Dacomitinib improves EGFR-mutated NSCLC PFS over gefitinib, but at toxicity cost
medwireNews: The ARCHER 1050 investigators believe that their results establish dacomitinib as an addition to the first-line EGFR mutation-positive non-small-cell lung cancer (NSCLC) treatment armamentarium, but caution that the associated toxicity needs to be managed.
Among 227 patients with treatment-naïve, stage IIIB–IV disease who were randomly assigned to receive oral dacomitinib 45 mg once daily in this phase III trial, median progression-free survival (PFS) as evaluated by independent review was 14.7 months after a median follow-up of 22.1 months. This compared with a median PFS of 9.2 months for the 225 participants treated with gefitinib 250 mg/day, a significant difference giving a hazard ratio of 0.59.
Tony Mok, from the Chinese University of Hong Kong, who presented the results at the 2017 annual meeting of the American Society of Clinical Oncology, pointed out that the Kaplan–Meier curves overlapped up to about 6 months, after which dacomitinib-treated patients had better PFS than those given gefitinib.
The corresponding 24-month PFS rates were 30.6% and 9.6%, equating to a substantial difference of 21% in favor of dacomitinib, he told the audience in Chicago, Illinois, USA.
The PFS gain offered by dacomitinib was evident in the majority of subgroups, except when participants were stratified by race. PFS was significantly better with dacomitinib than gefitinib among Asian patients, but this was not the case for non-Asians, which Mok believes could be due to the smaller sample size, given that around 75% of participants in each arm were of Asian ethnicity.
The objective response rate was comparable between the dacomitinib and gefitinib trial arms (74.9 and 71.6%, respectively), but the duration of response was significantly longer with the second-generation EGFR tyrosine kinase inhibitor, at a median of 14.8 months compared with 8.3 months for gefitinib.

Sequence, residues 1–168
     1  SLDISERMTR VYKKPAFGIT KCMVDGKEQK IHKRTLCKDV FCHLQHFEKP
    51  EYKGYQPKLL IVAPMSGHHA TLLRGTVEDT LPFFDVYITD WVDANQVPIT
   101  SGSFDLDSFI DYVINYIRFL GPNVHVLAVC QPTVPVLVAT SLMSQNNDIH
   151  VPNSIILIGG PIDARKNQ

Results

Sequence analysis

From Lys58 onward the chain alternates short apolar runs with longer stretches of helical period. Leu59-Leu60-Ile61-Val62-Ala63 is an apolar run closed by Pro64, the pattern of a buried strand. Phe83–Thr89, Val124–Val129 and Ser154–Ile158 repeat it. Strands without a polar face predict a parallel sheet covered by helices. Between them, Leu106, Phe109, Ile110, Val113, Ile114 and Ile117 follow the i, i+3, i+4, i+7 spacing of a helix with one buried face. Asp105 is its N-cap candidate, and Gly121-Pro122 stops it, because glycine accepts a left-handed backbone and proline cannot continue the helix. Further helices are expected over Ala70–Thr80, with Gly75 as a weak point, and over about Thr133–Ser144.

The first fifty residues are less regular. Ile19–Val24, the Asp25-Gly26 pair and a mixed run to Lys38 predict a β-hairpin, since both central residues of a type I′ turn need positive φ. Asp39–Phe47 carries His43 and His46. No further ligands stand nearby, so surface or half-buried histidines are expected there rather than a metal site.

This more potent inhibition was associated, however, with higher toxicity, commented Mok. Certain adverse events of grade 3 or worse were more common with dacomitinib than gefitinib, such as dermatitis acneiform (13.7% vs none), diarrhea (8.8% vs 0.9%), paronychia (7.5 vs 1.3%), and stomatitis (3.5 vs 0.4%).
A higher proportion of patients in the dacomitinib than the gefitinib group required a dose reduction, at 66.1% versus 8.0%, but the incidence of treatment-related deaths was low, at two and one, respectively.
The presenter also highlighted that despite the toxicity the global quality of life scores as reported by patients using the EORTC-QLQ-C30 and LC13 questionnaires did not worsen relative to baseline in the dacomitinib arm.
He concluded: “Dacomitinib should be considered as a new treatment option for first-line management of patients with advanced EGFR-mutated NSCLC.
“In addition to the three existing drugs, now we have the fourth one.”
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